Children who have been abused or neglected are more likely than others to commit an act of delinquency. Those who “cross over” from the child welfare system to the criminal bureaucracy are disproportionately children of color and far more likely to be treated harshly in court. Among nearly 7,500 young people who were admitted to detention in NYC between 2007 and 2009, 69% were crossover youth. This is the vulnerable population to which Victoria Sammartino has devoted her career.
Raised in The Bronx by parents who encouraged her to broaden her horizons, Sammartino participated in after-school arts enrichment, leadership development and community service programs as a teenager. She was awarded financial aid to attend Bennington College, where her interest in creative writing flourished. In 1999, during her senior year of college, Sammartino talked her way into leading a poetry workshop for teenage girls incarcerated on Rikers Island, New York City’s notorious main jail complex that houses 14,000 prisoners. Teaching girls close to her own age, she was haunted by the feeling that only the accident of birth family separated her from them. She discovered that nearly every student in her first class had been through the foster care system.
After college, Sammartino returned to work at Rikers Island and soon began facilitating creative writing workshops in other spaces, including juvenile detention facilities and adult prisons throughout the city. And in 2000, with a $2,000 grant, Sammartino purchased a computer and printer and launched Voices UnBroken out of her Bronx apartment.
She continued to refine her curriculum, providing teen content at elementary reading levels and exploring concepts such as comfort, safety and respect without using words like “home” or “family.” As she gained credibility with city agencies and attracted more grant money, Voices UnBroken grew to a 501(c)(3) organization with a board, a program director and a small staff of part-time facilitators in its own office space.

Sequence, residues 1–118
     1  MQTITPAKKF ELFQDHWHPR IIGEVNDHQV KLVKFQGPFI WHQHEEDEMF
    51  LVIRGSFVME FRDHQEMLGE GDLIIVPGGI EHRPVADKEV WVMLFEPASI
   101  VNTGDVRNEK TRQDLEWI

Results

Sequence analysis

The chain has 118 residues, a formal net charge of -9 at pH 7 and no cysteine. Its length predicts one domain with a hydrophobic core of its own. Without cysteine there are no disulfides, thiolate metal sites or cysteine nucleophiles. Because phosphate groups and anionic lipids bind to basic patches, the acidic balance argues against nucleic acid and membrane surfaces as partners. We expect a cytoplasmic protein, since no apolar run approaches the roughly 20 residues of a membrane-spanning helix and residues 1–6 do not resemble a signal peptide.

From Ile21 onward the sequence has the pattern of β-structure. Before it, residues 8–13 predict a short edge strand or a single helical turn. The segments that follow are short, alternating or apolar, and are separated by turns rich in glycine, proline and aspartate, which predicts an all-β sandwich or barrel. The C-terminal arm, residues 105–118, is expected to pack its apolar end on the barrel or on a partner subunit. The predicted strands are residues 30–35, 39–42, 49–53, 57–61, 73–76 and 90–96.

Seeking to validate her insights, Sammartino contacted Shay Bilchik, founding director of the Center for Juvenile Justice Reform at Georgetown University. In 2010 she attended the inaugural session of a certificate program for private sector leaders at the center focusing on the integration of child welfare and juvenile justice systems.
Today, Voices UnBroken serves hundreds of 14- to 21-year olds living in correctional facilities, group homes and other restricted residential settings. A poet herself, Sammartino is committed to “going in to the dark, confined spaces…to hear the loud, frightened voices of young people missing from their communities and to deliver the simple message that they are not forgotten, that we are not whole without them.”
Though there is growing recognition of the disjunction between policy and practice and plenty of research pointing the way to reform, Sammartino still sees critical information “locked inside” the mental health community and law enforcement personnel who regard their job as “protecting the community from bad kids.”
Sammartino is hopeful about New York City’s transition to a more integrated approach to children and their families, but she feels great urgency to focus attention on the punitive conditions under which children are currently detained.
Crossover youth are “not just falling through cracks,” she says, “but through gaping holes in the system. When children survive this, it’s a miracle, not the norm. Shame on us!”